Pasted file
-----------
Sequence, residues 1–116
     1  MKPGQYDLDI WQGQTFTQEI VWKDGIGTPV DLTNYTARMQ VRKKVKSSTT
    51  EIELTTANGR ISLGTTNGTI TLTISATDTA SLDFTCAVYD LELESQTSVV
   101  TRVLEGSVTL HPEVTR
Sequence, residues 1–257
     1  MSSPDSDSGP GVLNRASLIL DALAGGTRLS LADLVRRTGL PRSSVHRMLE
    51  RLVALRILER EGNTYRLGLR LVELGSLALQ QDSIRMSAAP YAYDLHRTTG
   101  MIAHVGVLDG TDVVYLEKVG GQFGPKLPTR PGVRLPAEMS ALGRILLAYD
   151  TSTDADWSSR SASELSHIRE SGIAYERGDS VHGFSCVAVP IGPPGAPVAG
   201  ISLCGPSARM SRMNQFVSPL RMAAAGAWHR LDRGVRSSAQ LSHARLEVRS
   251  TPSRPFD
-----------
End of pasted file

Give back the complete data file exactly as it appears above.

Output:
Sequence, residues 1–116
     1  MKPGQYDLDI WQGQTFTQEI VWKDGIGTPV DLTNYTARMQ VRKKVKSSTT
    51  EIELTTANGR ISLGTTNGTI TLTISATDTA SLDFTCAVYD LELESQTSVV
   101  TRVLEGSVTL HPEVTR
Sequence, residues 1–257
     1  MSSPDSDSGP GVLNRASLIL DALAGGTRLS LADLVRRTGL PRSSVHRMLE
    51  RLVALRILER EGNTYRLGLR LVELGSLALQ QDSIRMSAAP YAYDLHRTTG
   101  MIAHVGVLDG TDVVYLEKVG GQFGPKLPTR PGVRLPAEMS ALGRILLAYD
   151  TSTDADWSSR SASELSHIRE SGIAYERGDS VHGFSCVAVP IGPPGAPVAG
   201  ISLCGPSARM SRMNQFVSPL RMAAAGAWHR LDRGVRSSAQ LSHARLEVRS
   251  TPSRPFD